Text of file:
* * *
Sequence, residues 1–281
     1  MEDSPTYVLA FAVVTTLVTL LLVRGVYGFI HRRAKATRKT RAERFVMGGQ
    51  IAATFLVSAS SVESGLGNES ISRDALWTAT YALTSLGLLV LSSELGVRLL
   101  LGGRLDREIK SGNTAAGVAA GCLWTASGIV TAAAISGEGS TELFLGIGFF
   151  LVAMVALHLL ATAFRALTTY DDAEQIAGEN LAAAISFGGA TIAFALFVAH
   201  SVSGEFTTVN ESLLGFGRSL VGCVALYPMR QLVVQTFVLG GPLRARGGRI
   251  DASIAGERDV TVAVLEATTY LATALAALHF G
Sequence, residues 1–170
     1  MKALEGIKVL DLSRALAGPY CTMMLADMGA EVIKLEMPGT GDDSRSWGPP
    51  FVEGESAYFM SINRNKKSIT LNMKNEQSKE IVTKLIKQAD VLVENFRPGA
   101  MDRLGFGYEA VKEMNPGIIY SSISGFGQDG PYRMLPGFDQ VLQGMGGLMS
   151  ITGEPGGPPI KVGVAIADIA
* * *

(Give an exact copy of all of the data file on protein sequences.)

Sequence, residues 1–281
     1  MEDSPTYVLA FAVVTTLVTL LLVRGVYGFI HRRAKATRKT RAERFVMGGQ
    51  IAATFLVSAS SVESGLGNES ISRDALWTAT YALTSLGLLV LSSELGVRLL
   101  LGGRLDREIK SGNTAAGVAA GCLWTASGIV TAAAISGEGS TELFLGIGFF
   151  LVAMVALHLL ATAFRALTTY DDAEQIAGEN LAAAISFGGA TIAFALFVAH
   201  SVSGEFTTVN ESLLGFGRSL VGCVALYPMR QLVVQTFVLG GPLRARGGRI
   251  DASIAGERDV TVAVLEATTY LATALAALHF G
Sequence, residues 1–170
     1  MKALEGIKVL DLSRALAGPY CTMMLADMGA EVIKLEMPGT GDDSRSWGPP
    51  FVEGESAYFM SINRNKKSIT LNMKNEQSKE IVTKLIKQAD VLVENFRPGA
   101  MDRLGFGYEA VKEMNPGIIY SSISGFGQDG PYRMLPGFDQ VLQGMGGLMS
   151  ITGEPGGPPI KVGVAIADIA